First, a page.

Book of Jubilees

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The Book of Jubilees, sometimes called Lesser Genesis (Leptogenesis), is an ancient Jewish religious work of 50 chapters, considered canonical by the Ethiopian Orthodox Church as well as Bete Israel (Ethiopian Jews), where it is known as the Book of Division (Ge'ez: Mets'hafe Kufale). Jubilees is considered one of the pseudepigrapha by Protestant, Roman Catholic, and Eastern Orthodox Churches.[1]

It was well known to Early Christians, as evidenced by the writings of Epiphanius, Justin Martyr, Origen, Diodorus of Tarsus, Isidore of Alexandria, Isidore of Seville, Eutychius of Alexandria, John Malalas, George Syncellus, and George Kedrenos. The text was also utilized by the community that originally collected the Dead Sea Scrolls. It was so thoroughly suppressed[citation needed] in the 4th century that no complete Hebrew, Greek or Latin version has survived. There is conjecture among western biblical scholars that Jubilees may be a rework of material found in the canonical books of Genesis and Exodus.[citation needed]

The Book of Jubilees claims to present "the history of the division of the days of the Law, of the events of the years, the year-weeks, and the jubilees of the world" as revealed to Moses (in addition to the Torah or "Instruction") by Angels while he was on Mount Sinai for forty days and forty nights.[2] The chronology given in Jubilees is based on multiples of seven; the jubilees are periods of 49 years, seven 'year-weeks', into which all of time has been divided. According to the author of Jubilees, all proper customs that mankind should follow are determined by God's decree.[citation needed]

Manuscripts[edit]

Until extensive fragments were discovered among the Dead Sea Scrolls (DSS), the only surviving manuscripts of Jubilees were four complete Ge'ez texts dating to the 15th and 16th centuries, and several quotations by the Church fathers such as Epiphanius, Justin Martyr, Origen as well as Diodorus of Tarsus, Isidore of Alexandria, Isidore of Seville, Eutychius of Alexandria, John Malalas, George Syncellus, and George Kedrenos. There is also a preserved fragment of a Latin translation of the Greek that contains about a quarter of the whole work.[3] The Ethiopic texts, now numbering twenty-seven, are the primary basis for translations into English. Passages in the texts of Jubilees that are directly parallel to verses in Genesis do not directly reproduce either of the two surviving manuscript traditions.[4] Consequently, even before the Qumran discoveries, R.H. Charles had deduced that the Hebrew original had used an otherwise unrecorded text for Genesis and the early chapters of Exodus, one that was independent of either the Masoretic text or the Hebrew text that was the basis for the Septuagint. As the variation among parallel manuscript traditions that are exhibited by the Septuagint compared with the Masoretic text, and which are embodied in the further variants among the Dead Sea Scrolls, have demonstrated, even canonical Hebrew texts did not possess any single 'authorized' manuscript tradition in the first centuries BC.[5]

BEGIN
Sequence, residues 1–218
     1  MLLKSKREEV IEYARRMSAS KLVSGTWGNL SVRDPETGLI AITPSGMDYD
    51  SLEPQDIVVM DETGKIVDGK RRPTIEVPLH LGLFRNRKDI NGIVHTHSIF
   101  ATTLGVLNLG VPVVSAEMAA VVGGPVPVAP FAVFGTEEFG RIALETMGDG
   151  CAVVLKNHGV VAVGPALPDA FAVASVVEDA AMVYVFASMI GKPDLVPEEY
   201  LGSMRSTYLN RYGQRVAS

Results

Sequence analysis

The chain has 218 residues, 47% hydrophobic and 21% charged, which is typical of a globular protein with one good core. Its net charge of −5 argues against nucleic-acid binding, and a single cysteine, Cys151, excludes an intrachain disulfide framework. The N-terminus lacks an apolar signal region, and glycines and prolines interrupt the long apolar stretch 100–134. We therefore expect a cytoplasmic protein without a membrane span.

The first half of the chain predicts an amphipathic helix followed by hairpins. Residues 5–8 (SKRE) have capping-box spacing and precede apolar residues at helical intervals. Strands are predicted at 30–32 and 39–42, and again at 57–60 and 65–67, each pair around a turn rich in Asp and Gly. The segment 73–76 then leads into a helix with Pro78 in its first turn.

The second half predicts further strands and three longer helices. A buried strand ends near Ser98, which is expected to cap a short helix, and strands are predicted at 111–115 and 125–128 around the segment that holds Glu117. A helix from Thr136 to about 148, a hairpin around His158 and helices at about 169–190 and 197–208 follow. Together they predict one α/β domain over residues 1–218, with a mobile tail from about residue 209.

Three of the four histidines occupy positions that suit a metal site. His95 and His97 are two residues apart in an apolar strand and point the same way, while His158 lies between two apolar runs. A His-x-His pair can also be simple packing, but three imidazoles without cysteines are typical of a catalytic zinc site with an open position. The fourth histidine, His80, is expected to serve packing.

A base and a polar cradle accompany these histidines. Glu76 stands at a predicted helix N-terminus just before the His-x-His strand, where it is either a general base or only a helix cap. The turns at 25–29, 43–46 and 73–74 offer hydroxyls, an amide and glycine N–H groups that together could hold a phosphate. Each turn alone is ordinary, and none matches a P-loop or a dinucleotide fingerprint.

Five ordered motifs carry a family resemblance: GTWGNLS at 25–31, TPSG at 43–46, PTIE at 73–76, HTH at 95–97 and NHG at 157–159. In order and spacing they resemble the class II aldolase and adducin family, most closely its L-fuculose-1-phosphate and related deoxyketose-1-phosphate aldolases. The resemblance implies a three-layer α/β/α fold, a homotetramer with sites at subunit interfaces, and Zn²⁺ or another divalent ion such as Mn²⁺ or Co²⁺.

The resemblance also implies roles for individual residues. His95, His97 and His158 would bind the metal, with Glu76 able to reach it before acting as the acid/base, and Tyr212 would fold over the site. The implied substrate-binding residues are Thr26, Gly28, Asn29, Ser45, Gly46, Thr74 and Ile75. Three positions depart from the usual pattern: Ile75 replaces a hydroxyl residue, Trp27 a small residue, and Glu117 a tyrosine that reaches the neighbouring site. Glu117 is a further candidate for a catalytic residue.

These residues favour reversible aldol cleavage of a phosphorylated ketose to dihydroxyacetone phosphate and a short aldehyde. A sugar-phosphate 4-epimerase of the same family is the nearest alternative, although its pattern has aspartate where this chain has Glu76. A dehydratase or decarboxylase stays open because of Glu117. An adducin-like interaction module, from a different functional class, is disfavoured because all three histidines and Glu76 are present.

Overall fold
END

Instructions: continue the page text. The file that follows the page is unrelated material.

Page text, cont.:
A further fragment in Syriac in the British Museum, titled Names of the wives of the patriarchs according to the Hebrew books called Jubilees suggests that there once existed a Syriac translation. How much is missing can be guessed from the Stichometry of Nicephorus, where 4300 stichoi or lines are attributed to The Book of Jubilees.[citation needed]

Between 1947 and 1956, approximately 15 Jubilees scrolls were found in five caves at Qumran, all written in Hebrew. The large quantity of manuscripts (more than for any biblical books except for Psalms, Deuteronomy, Isaiah, Exodus, and Genesis, in descending order) indicates that Jubilees was widely used at Qumran. A comparison of the Qumran texts with the Ethiopic version, performed by James VanderKam, found that the Ethiopic was in most respects an accurate and literalistic translation.[6]

Origins[edit]